“From a military perspective, if we want that kind of interoperability, not only within our agencies but within our different departments and coalition partners, we have to get on board with also tackling those same issues,” Griffin said. “We also have to bridge other types of ‘verses’ that become prevalent within our society as it moves toward embracing this next ‘Web3’ instantiation that will be this persistent Metaverse everyone is talking about. We have to admit to ourselves, we definitely aren’t there yet.”
Lerma noted that the Metaverse could look different in various industries and considered how each industry would define the Metaverse.
“Everyone will have different requirements for what that means, and time is going to determine what that means for each [specific] industry,” Lerma said. “We have to let it play out as industry keeps pushing the envelope, and government, with its needs and requirements, will continue to push the envelope even more, and industry will react by adapting and providing what’s needed.”
After initial definitions were described, panel members went on to discuss other aspects affecting the future of the Metaverse and its implications for the modeling, simulation and training (MS&T) community. Torres cited the human factor while discussing what is missing from establishing a common understanding of the Metaverse in the workplace.
“Culture is probably the hardest part of this whole process in trying to develop and foster a work environment where digital is more than just Teams or Zoom,” Torres said. “It’s where digital is about interaction and experience. The difference between a Metaverse engagement versus a team engagement is that we experience the lived experience – we experience that interaction versus just talking to each other.”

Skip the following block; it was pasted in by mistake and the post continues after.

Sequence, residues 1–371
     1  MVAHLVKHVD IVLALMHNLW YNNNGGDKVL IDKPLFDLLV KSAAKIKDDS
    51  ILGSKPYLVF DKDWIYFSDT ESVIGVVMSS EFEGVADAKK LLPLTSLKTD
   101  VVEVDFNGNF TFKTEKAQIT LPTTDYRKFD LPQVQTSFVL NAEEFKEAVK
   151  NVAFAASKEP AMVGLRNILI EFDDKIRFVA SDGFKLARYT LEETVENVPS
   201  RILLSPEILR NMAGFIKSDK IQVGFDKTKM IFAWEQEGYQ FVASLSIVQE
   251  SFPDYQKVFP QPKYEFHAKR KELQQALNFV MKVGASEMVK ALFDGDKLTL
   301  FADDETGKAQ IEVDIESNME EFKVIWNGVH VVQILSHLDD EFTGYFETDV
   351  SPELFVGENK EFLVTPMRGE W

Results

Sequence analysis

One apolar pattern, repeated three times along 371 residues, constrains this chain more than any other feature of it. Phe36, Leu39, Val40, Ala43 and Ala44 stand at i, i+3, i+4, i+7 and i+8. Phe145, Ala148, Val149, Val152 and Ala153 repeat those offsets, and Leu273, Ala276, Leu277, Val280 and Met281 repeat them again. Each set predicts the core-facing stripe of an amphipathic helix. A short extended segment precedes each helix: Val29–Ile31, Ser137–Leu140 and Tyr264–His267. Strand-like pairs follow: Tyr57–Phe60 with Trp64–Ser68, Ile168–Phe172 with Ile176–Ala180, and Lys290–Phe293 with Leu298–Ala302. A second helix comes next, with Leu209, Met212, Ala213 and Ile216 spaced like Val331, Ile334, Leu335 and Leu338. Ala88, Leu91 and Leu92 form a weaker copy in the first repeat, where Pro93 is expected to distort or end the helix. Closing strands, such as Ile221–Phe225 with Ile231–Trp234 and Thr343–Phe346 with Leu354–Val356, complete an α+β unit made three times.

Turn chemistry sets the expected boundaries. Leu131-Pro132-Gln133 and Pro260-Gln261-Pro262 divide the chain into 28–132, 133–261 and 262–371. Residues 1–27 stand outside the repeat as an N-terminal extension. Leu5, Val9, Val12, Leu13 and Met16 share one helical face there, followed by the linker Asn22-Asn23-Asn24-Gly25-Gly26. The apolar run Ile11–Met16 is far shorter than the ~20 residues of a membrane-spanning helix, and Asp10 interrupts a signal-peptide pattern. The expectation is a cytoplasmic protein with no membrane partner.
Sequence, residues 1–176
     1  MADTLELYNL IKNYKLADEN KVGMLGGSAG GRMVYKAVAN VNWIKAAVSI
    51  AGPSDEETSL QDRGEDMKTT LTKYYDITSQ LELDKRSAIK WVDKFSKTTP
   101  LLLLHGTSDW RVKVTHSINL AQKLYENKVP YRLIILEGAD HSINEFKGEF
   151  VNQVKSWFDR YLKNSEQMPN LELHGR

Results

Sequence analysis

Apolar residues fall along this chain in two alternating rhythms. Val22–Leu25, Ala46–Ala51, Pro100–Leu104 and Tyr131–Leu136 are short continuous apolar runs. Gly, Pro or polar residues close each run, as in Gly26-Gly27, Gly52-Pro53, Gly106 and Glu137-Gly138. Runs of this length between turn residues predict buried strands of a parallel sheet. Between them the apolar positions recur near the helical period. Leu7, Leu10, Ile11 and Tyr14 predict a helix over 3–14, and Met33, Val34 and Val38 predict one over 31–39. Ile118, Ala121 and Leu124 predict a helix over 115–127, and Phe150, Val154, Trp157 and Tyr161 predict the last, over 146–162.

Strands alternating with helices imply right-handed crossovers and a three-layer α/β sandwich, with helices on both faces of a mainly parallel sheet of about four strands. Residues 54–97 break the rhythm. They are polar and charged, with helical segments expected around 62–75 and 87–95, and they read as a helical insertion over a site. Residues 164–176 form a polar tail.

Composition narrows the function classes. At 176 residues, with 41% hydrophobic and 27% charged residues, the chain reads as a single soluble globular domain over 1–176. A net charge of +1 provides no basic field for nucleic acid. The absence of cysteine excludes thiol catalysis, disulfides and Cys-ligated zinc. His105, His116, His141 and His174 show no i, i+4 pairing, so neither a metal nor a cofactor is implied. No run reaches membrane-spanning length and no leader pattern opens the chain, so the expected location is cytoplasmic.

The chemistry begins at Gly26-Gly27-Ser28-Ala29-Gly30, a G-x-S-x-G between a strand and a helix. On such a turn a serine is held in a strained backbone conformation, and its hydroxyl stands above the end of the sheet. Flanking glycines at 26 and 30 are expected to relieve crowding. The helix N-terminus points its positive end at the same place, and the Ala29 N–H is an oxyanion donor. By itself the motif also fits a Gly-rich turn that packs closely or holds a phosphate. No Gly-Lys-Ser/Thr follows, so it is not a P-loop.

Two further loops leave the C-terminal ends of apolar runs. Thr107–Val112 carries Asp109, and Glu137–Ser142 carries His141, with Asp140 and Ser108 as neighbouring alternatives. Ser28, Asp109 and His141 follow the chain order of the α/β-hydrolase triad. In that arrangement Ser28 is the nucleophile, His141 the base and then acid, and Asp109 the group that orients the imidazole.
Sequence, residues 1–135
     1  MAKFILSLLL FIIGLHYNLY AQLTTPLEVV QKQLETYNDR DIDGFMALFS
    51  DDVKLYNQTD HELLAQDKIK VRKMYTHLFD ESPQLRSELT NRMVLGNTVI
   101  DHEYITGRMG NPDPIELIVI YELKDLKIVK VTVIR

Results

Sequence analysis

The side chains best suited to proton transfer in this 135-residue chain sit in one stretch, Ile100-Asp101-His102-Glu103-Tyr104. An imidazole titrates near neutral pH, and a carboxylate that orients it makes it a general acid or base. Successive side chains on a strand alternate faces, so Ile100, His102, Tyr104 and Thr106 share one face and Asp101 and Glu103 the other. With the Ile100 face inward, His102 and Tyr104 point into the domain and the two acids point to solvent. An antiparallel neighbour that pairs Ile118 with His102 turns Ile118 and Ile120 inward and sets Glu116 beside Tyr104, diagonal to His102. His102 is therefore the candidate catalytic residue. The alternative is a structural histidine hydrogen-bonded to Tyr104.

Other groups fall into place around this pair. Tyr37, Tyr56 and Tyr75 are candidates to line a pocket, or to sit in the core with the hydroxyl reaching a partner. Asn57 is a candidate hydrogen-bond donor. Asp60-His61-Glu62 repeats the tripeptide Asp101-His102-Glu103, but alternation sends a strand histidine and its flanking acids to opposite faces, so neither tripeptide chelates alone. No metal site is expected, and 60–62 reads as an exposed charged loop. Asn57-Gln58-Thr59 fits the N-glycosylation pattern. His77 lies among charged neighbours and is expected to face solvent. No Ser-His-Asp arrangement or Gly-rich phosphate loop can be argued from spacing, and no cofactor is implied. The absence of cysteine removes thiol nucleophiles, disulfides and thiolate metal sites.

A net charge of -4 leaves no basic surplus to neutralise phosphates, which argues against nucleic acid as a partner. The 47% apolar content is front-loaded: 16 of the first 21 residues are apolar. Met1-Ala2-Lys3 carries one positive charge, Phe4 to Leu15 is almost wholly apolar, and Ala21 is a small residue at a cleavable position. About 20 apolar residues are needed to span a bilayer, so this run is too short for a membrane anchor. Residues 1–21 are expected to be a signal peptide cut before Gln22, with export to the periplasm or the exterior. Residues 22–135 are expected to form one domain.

Lerma addressed what he felt was currently missing in capturing cutting-edge Metaverse technology to improve military training, which was a lack of individual data to track how students improve in training pipelines.
“We don’t have a requirement to store data on training systems,” Lerma said. “That training system data has to move along with the individuals… to understand how they are getting better, and the problem is you face a lot of regulation when it comes to data from HIPPA laws to personal identifiable information that make it very challenging. Sometimes you can’t overcome those challenges, so you have to make models and assumptions… to make [the training] better.”
Torres went on to emphasize challenges in reproducing high-fidelity interaction and consistent training in the Metaverse due to the nature of certain types of military training, using the Space Force as an example.
“If you’re a service member training to fight, and what you’re training on doesn’t reflect reality, then you’re in a bad place, and Space Force guardians are the only service members who will never experience their operating environment,” Torres said. “They’ll never go into space, they’ll never experience touching a satellite, and they’ll never experience moving assets in space. Our only option in this case, is to figure out a way to digitize that experience and to give our guardians that ‘lived’ experience that makes them more effective warfighters in space.”
Dr. Chris Libutti, Tech Grove manager, said that many members of the MS&T community have a passion for discussing topics like the Metaverse. While most outside that community would probably just see a bunch of people talking a fake reality, Libutti maintains that the benefits of conversations like the Metaverse panel may take some time to develop, but they ultimately improve the field and advance innovation.
“When those people leave the room, that’s when the greatness happens,” Libutti said. “They think about what just occurred, the wheels start turning, they call friends and colleagues in the MS&T space, and they share more refined ideas and questions.”